Why You Shouldn’t Go to Art School
Don’t go to art school. That seems to be one of the underlying themes of Washington Monthly’s first ever compendium of the Worst Colleges in America.
Many of these colleges are dropout factories, where students are unlikely to graduate and prices, debt levels, and student loan default rates are high. For these students, the crucial question is where not to go to college. When you’re wandering through a minefield with destructive options that lead to high loan debt and no degree, it’s worth having a map. …
Creating a list of the worst colleges also requires making judgments about the importance of different problems in higher education. For example, a worst colleges list has to decide whether a high-student-debt college with a so-so graduation rate should be ranked higher or lower than a cheaper option with minimal debt but even fewer completers. The Obama administration is currently grappling with exactly these problems as it works to create a credible federal college ratings system that could potentially identify colleges so bad that they lose eligibility for financial aid.
To better understand the challenge the administration has taken on, and further the cause of helping students in dire need of good advice about where not to enroll, the Washington Monthly examined 1,700 four-year colleges and universities and used a different rankings methodology to identify the twenty worst colleges in America.
In an effort to weigh several different factors appropriately, including value, they create four separate lists of rankings; but a constant across all four lists is art schools, particularly the private, for-profit kind. Like this one:
students would be well served to avoid the New England Institute of Art, a private for-profit college, where the typical net price is $29,700, median debt is $30,600, 16 percent of borrowers default on their loans, and just 36 percent of students graduate.
That means that AJ from Empire Records, who quit his job to follow his lady love to Boston and enroll in art school there, is probably screwed. Sorry, AJ!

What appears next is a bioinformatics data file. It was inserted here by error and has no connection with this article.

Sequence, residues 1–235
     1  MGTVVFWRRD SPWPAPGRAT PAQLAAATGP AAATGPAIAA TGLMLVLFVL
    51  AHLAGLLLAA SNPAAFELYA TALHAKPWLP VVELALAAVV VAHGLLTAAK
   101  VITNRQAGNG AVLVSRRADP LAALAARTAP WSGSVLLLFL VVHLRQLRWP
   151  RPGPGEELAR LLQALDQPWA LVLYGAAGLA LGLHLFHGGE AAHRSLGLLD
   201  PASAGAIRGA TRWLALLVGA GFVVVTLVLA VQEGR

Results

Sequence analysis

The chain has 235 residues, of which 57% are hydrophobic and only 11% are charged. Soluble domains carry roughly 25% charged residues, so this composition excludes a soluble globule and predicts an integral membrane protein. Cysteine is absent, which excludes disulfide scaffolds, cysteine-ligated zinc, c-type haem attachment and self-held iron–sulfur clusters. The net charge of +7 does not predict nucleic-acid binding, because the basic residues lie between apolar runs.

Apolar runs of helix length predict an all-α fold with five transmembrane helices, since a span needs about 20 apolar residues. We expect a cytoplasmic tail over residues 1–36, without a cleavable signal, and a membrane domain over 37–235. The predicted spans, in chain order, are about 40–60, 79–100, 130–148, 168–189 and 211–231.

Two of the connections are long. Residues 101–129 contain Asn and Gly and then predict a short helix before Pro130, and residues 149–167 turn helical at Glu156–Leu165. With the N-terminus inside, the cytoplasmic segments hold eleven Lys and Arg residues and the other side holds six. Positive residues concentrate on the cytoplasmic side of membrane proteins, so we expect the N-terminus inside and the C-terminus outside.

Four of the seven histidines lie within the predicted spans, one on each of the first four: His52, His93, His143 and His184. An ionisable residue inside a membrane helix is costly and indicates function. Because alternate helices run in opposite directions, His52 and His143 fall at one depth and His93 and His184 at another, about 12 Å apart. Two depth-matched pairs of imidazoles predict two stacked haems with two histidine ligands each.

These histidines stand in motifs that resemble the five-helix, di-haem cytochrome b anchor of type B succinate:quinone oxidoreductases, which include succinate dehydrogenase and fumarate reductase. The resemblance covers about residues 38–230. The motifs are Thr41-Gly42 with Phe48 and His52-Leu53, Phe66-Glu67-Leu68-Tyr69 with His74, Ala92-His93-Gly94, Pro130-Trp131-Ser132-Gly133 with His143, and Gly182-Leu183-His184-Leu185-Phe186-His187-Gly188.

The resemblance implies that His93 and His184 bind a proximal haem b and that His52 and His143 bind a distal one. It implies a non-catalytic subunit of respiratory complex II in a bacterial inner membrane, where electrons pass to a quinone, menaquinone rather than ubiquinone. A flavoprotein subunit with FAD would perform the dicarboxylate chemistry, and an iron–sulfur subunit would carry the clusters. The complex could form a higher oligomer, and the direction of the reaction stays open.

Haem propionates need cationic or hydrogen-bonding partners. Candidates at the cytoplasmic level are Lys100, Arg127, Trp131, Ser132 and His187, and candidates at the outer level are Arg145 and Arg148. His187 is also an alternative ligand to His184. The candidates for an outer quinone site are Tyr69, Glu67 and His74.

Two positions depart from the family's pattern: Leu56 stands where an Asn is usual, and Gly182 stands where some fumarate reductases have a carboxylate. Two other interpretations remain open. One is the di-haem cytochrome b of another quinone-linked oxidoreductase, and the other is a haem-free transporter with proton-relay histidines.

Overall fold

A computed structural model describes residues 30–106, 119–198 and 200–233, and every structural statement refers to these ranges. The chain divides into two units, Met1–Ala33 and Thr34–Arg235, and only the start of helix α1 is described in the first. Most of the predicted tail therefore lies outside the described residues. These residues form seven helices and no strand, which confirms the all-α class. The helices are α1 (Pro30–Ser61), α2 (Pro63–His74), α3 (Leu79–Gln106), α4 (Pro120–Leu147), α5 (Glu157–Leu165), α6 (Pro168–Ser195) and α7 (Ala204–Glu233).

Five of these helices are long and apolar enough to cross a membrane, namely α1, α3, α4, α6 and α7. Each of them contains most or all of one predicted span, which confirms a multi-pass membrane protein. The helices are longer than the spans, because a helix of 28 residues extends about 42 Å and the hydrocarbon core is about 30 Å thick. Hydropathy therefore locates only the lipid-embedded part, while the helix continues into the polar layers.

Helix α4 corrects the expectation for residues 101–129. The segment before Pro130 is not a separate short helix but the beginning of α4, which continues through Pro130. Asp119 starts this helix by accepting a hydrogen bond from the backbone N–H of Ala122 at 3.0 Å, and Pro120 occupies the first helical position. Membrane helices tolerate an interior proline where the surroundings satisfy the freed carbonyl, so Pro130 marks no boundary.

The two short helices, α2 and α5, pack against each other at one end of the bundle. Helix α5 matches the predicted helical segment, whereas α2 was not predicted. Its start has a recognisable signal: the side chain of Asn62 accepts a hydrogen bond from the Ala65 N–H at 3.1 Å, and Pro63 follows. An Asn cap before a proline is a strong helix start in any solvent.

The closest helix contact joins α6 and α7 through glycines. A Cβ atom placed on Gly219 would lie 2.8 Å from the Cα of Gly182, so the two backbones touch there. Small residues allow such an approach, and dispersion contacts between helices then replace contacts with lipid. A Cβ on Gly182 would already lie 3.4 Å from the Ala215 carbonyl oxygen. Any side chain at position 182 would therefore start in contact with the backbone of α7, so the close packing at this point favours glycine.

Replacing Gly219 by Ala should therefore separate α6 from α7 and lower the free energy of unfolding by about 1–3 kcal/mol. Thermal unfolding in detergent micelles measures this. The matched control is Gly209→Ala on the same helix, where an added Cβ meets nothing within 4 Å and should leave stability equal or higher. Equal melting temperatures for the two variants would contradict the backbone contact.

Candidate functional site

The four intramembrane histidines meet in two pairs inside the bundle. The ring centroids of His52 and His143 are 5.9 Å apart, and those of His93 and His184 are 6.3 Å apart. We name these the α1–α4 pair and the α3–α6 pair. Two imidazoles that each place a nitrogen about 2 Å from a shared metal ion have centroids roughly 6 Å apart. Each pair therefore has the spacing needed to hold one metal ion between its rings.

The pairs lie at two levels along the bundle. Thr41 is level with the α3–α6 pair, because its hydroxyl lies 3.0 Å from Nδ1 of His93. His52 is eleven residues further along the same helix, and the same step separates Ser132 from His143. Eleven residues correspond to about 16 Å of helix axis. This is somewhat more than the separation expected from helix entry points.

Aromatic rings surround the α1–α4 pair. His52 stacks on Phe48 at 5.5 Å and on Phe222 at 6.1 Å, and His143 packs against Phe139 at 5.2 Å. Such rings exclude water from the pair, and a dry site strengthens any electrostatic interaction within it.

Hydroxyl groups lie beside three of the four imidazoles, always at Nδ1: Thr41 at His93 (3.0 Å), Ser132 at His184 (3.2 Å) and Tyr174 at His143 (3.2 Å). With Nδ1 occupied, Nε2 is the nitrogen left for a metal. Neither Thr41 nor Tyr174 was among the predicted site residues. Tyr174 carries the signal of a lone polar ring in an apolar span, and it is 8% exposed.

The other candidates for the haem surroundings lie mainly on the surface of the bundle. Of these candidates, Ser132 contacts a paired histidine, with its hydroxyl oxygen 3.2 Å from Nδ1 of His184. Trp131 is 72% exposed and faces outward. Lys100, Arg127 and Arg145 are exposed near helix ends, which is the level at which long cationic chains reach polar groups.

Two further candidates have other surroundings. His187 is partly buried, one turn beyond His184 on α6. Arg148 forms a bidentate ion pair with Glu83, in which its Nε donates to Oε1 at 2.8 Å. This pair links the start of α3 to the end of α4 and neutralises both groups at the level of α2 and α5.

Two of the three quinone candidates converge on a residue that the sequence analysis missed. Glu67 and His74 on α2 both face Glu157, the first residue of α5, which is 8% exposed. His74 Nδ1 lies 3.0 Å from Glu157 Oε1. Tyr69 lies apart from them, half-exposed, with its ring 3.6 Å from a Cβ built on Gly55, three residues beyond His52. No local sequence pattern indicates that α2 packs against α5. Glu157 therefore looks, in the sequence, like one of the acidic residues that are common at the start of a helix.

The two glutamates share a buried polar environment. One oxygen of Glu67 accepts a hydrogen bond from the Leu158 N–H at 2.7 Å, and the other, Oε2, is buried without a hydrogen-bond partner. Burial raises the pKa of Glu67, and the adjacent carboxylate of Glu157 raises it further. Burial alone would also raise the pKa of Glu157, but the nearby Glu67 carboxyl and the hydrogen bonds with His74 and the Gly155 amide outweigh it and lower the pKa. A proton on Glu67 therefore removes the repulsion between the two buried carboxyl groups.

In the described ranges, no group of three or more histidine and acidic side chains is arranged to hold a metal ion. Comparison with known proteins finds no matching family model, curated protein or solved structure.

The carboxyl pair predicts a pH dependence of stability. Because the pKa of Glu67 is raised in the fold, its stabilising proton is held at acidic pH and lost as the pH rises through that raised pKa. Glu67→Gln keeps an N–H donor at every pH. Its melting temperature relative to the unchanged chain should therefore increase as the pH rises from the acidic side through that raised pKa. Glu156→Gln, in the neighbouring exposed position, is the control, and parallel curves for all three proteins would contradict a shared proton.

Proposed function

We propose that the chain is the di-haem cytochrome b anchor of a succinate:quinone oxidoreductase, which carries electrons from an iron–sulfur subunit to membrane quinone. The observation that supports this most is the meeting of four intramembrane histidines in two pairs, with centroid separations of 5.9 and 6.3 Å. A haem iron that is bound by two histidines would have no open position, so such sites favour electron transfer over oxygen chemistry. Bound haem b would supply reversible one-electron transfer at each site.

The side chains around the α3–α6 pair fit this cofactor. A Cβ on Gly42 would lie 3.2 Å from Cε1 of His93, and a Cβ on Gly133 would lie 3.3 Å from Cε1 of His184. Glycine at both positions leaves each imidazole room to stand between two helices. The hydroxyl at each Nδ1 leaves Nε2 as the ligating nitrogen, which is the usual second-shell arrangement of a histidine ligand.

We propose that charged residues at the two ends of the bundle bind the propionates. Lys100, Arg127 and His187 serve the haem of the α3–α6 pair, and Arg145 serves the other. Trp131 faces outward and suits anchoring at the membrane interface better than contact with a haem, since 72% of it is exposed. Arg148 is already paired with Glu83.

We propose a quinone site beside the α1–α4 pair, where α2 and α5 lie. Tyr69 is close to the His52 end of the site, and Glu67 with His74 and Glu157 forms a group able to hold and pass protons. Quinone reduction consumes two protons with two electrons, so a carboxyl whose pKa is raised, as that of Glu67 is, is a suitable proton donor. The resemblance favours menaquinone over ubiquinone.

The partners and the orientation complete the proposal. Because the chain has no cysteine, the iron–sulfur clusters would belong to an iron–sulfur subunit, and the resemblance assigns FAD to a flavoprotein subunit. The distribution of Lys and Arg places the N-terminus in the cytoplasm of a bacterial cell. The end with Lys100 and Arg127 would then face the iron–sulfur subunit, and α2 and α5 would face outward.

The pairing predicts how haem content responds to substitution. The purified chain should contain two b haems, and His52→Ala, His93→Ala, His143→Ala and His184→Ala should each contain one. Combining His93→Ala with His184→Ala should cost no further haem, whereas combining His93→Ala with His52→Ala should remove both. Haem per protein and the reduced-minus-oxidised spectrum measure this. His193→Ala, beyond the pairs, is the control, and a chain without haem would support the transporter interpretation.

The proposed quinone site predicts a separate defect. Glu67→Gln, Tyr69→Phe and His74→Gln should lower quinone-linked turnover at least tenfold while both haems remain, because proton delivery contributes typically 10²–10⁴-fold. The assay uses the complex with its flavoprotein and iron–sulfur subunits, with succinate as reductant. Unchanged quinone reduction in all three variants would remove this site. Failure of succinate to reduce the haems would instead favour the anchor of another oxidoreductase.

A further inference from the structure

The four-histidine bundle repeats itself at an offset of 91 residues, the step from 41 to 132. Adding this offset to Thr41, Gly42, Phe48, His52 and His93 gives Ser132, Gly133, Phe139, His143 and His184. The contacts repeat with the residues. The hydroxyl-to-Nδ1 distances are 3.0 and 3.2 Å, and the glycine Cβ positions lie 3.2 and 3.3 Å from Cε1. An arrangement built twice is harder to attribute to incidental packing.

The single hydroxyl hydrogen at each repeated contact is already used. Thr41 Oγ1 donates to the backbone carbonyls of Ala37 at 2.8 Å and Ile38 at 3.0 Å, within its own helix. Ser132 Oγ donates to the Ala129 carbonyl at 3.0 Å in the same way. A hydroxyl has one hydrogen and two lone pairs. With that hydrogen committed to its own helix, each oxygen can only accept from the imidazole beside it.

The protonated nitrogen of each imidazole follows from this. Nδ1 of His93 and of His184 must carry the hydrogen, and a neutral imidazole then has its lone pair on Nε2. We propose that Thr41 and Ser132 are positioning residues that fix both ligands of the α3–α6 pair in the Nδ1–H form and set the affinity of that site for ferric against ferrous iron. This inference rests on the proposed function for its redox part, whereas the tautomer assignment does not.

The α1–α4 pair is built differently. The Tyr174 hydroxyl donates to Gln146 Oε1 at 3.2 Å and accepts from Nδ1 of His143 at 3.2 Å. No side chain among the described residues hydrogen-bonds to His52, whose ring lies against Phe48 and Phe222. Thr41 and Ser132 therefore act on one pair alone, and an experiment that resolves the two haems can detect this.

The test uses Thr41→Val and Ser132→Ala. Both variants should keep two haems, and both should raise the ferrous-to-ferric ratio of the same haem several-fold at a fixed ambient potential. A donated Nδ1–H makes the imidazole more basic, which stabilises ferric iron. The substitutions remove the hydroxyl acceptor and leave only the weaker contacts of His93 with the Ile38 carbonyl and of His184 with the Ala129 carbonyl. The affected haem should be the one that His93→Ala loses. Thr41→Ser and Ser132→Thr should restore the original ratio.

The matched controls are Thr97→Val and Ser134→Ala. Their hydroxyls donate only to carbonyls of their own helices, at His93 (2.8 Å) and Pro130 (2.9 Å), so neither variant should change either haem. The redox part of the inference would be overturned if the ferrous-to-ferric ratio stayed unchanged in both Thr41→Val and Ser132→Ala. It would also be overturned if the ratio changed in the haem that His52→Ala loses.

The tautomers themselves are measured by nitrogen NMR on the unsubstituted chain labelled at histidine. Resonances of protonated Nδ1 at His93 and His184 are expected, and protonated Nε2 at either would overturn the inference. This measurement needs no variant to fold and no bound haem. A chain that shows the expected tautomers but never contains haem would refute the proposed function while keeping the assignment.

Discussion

By contrast, no public university made any of the four lists. The lists also raised thorny questions about Historically Black Colleges and Universities, some of which are apparently much better bets than others:
two selective HBCUs, Fisk and Spelman, make our “Best Bang for the Buck” list (page 26), while other HBCUs, like Elizabeth City State University in North Carolina, have impressive records of helping often poorly prepared minority students earn degrees. But many HBCUs also struggle with results, sometimes because of underfunding, sometimes for other reasons.
To go back to the initial point, though, does it make more sense to get a Bachelor’s in something practical and then get an MFA? Well, art grad school is also a dicey proposition, as this article, published in Modern Painters, makes clear:
Given the skyrocketing cost of tuition, mounting student debt, high interest rates on loans, and a tough job market, you’d be crazy not to measure your education’s value against the risk involved? in paying for it, especially if you are considering a master’s degree in art or design. According to an article published earlier this year in the Wall Street Journal, students at art-focused schools rack up the highest debt, and the odds of their striking it rich right after graduation are not in their favor.
Besides pinning one’s hopes on Cooper Union, what’s a sensitive young soul to do? Well, for one, consider going abroad. Goldsmiths College in England, for instance, is up there with Yale and Columbia, according to Art Space, as one of the top programs in the world — and it charges a fraction of what those elite US institutions do, even for international students. Or you could learn how to throw a fastball!